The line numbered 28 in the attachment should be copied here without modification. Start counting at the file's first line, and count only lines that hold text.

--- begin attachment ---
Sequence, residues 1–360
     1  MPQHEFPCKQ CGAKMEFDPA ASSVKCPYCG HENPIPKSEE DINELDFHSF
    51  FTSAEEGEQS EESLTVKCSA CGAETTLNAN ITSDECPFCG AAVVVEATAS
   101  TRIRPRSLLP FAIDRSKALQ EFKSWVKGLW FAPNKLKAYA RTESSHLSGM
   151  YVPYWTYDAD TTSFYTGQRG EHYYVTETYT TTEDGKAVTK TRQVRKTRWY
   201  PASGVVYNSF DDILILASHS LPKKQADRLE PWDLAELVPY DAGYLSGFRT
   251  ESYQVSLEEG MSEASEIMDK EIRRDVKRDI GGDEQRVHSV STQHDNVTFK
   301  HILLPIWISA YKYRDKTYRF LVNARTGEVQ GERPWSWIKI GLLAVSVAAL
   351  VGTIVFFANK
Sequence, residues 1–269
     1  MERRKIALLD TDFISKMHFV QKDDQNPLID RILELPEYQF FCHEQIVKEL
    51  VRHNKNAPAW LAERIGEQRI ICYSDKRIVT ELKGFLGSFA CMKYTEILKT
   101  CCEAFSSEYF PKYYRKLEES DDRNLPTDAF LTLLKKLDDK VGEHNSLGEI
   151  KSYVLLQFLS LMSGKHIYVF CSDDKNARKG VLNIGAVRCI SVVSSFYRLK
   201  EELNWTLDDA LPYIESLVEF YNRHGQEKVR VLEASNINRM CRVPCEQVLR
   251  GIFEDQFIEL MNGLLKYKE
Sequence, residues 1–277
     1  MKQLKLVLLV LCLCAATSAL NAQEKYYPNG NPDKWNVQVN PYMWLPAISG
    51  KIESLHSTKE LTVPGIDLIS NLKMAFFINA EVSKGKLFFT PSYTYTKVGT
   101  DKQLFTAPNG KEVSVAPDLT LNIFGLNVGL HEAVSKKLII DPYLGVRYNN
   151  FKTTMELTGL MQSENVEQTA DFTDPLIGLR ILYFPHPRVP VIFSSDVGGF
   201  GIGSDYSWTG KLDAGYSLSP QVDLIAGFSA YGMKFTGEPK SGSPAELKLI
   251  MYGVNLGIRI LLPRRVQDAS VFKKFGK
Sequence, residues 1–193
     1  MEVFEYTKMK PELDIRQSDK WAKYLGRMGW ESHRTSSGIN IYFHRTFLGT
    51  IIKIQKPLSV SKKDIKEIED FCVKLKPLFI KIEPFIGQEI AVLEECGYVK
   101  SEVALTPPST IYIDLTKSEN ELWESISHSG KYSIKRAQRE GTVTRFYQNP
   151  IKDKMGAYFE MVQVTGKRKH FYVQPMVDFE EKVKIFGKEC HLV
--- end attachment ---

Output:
   151  IKDKMGAYFE MVQVTGKRKH FYVQPMVDFE EKVKIFGKEC HLV